Read often. Write often. Watch the world. Tell your stories. You have a voice like no other, it’s important you share it.


  1. 3 words that describe you:

Tall, friendly, humorous (or so my daughter says.)

  1. Favourite time of the day?

Climbing into bed at the end of the day is pretty hard to beat.

  1. 3 random facts about you:

I live on a small island. Spike Milligan once wrote me a letter. A 150 year old leather boot sits on my desk.

  1. Go-to snack?

Prawn cocktail crisps.

  1. The best advice you ever got:

To thine own self be true: Shakespeare via my Dad.

  1. “If I could go anywhere in the world right now, I’d head for…”

In the stands on the halfway line at the Arsenal, just in time for kick-off.

  1. If I could time-travel, I’d set the counter for the year …

Somewhere around AD 170,

Because… To pick the brains of Roman Emperor Marcus Aurelius. I might have to learn some Latin first.

  1. An easy way to be a bit more green:

Cut down on food waste. Help your family plan meals. Buy only what you need.

  1. Your dream place to curl up with a book?

The sofa in front of a crackling fire, with Kipling my cat on my lap.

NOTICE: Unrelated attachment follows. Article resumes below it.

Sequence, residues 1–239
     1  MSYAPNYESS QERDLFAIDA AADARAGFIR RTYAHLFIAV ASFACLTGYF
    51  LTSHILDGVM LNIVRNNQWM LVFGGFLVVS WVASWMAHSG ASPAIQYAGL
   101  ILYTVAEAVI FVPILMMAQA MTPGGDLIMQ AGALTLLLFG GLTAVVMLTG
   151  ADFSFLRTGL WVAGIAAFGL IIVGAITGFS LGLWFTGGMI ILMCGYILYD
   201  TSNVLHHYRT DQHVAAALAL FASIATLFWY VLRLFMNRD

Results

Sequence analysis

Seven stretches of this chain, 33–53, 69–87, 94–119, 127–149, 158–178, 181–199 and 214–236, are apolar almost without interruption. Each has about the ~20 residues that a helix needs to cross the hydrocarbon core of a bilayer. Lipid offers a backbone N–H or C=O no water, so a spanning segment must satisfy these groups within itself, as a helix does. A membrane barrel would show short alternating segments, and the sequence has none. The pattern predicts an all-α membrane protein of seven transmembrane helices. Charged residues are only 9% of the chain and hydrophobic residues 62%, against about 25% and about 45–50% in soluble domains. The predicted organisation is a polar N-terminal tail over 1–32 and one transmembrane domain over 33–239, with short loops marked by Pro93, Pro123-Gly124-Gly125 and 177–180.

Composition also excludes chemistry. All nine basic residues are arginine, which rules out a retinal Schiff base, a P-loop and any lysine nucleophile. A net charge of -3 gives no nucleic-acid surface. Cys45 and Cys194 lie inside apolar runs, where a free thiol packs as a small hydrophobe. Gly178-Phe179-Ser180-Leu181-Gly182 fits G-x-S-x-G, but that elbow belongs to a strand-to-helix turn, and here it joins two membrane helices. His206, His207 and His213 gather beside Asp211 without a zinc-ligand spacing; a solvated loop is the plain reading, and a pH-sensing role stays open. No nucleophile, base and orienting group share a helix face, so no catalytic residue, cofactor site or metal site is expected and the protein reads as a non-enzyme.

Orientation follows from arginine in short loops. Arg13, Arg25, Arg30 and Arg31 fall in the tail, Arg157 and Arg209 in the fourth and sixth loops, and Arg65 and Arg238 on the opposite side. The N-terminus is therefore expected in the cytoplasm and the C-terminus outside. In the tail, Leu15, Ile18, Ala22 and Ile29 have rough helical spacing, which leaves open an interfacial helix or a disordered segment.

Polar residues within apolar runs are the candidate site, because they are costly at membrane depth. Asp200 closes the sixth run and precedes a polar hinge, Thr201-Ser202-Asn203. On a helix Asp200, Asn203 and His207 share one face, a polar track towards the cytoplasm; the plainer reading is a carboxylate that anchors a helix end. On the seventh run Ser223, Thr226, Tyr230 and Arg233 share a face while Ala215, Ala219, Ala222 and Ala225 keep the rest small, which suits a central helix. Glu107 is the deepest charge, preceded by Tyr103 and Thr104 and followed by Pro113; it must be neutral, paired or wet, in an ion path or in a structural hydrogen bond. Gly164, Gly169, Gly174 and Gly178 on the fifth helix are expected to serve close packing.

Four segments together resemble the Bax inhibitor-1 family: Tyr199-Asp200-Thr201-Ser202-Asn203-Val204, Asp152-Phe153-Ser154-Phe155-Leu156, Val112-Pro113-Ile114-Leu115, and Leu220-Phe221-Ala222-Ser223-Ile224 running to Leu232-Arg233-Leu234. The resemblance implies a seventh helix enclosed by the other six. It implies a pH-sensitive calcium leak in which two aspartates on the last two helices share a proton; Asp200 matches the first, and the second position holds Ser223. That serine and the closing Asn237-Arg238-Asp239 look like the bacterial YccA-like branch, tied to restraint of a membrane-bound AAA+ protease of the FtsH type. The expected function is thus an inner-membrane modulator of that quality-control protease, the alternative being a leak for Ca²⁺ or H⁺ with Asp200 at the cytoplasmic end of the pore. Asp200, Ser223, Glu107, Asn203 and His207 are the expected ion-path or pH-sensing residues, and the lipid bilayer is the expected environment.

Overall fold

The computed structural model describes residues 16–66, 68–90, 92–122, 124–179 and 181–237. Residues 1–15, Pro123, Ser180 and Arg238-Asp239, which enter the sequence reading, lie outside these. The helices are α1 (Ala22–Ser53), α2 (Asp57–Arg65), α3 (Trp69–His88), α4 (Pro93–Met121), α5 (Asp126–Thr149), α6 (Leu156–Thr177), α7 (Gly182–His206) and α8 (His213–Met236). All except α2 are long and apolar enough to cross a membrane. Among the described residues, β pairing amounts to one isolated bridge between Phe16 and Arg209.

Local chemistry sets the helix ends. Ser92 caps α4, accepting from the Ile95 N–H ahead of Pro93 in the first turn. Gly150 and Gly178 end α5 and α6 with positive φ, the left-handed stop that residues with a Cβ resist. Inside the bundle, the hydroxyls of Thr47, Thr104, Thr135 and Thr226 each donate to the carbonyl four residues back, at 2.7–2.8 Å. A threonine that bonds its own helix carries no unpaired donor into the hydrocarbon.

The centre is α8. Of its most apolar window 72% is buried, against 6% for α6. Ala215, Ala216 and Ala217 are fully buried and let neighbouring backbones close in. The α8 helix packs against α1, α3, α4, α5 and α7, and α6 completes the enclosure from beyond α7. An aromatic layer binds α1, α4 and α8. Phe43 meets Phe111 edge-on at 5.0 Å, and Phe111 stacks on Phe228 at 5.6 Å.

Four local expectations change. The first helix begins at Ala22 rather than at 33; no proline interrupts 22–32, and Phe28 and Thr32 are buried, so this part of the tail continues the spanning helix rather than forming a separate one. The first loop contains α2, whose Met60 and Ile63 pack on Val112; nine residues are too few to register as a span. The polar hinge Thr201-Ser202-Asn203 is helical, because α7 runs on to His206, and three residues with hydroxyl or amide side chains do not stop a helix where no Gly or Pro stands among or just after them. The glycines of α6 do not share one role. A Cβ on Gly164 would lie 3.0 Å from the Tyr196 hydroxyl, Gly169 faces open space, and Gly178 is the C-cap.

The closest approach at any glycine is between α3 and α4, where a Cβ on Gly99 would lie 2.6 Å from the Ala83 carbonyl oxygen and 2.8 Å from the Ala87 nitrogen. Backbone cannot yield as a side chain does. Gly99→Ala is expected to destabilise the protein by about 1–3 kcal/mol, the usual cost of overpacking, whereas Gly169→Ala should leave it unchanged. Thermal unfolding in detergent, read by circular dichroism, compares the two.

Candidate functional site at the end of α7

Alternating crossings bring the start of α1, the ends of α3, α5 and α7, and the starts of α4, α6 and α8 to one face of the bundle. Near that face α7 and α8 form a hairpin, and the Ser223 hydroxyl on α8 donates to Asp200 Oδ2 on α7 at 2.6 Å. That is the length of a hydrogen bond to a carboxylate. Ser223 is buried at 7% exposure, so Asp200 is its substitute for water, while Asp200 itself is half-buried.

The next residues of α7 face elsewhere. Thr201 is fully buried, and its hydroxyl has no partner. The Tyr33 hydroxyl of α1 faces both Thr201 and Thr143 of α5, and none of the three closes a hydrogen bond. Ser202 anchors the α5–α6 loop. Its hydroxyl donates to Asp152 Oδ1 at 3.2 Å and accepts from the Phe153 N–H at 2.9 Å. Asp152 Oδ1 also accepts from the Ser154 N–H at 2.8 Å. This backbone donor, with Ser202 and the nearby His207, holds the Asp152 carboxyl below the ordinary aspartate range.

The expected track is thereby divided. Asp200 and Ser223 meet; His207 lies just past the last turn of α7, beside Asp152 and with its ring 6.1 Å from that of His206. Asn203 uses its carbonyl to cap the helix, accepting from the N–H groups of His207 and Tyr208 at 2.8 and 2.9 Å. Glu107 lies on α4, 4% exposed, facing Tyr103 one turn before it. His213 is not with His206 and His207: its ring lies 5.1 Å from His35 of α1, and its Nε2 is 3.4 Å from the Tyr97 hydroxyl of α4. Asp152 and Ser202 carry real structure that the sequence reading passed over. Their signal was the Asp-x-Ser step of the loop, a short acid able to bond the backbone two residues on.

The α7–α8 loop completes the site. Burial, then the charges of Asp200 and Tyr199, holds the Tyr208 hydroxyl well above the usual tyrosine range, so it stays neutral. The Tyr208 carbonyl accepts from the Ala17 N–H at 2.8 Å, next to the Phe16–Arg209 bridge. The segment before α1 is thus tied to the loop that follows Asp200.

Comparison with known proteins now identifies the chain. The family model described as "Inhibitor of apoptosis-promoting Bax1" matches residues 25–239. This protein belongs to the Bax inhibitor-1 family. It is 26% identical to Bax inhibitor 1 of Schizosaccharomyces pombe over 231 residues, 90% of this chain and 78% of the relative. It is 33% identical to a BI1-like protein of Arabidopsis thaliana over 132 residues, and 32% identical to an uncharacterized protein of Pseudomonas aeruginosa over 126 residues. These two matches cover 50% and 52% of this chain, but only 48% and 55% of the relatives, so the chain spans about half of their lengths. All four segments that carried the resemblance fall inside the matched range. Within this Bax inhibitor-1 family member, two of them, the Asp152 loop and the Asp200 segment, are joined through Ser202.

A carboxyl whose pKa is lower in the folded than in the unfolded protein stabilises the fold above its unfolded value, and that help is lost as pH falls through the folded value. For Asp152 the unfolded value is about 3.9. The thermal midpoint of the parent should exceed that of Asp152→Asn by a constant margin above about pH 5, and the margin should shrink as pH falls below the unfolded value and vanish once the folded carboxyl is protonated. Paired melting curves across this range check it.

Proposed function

1. The 3 books you’d like to get for your next birthday:

The Adventures of Alexander Von Humboldt by Andrea Wulf and Lillian Melcher; Adventures of a Young Naturalist by Sir David Attenborough; Art Matters by Neil Gaiman and Chris Riddell.

Big thanks to Paul, Katy, Leilah and all the team at Stripes Books for inviting me to kick off The International Yeti Collective blog tour and for involving me in this book’s release all the way along from proof to finished copy, including having my quote wonderfully published within it. This means the world!

Extra thanks to Paul for answering these questions!

Mr E


Be sure to check out the rest of The International Yeti Collective blog tour for more exclusive guest posts from Sibéal & content & reviews from these brilliant book bloggers!

Blog Tour (Review, Extract & Guest Post): Mother Tongue – Patricia Forde (Illustrated by Elissa Webb)

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‘For Letta is one of the best heroines I have come across in a book. Steadfast, strong and unwaveringly resilient, she is the driving force behind why this series is becoming so revered.’

Rating: ⭐⭐⭐⭐

Title: Mother Tongue
Author: Patricia Forde (@PatriciaForde1)
Cover illustrator: Elissa Webb
Publisher: Little Island (@LittleIslandBks)
Page count: 224
Date of publication: 12th September 2019
Series status: Second in The Wordsmith series (Standalone)
ISBN: 978-1912417278

Perfect for Year 5, Year 6 and Year 7.

1. Words 🔤
2. Missing ❌
3. Heroine 💪

After global warming came the Melting. Then came Ark.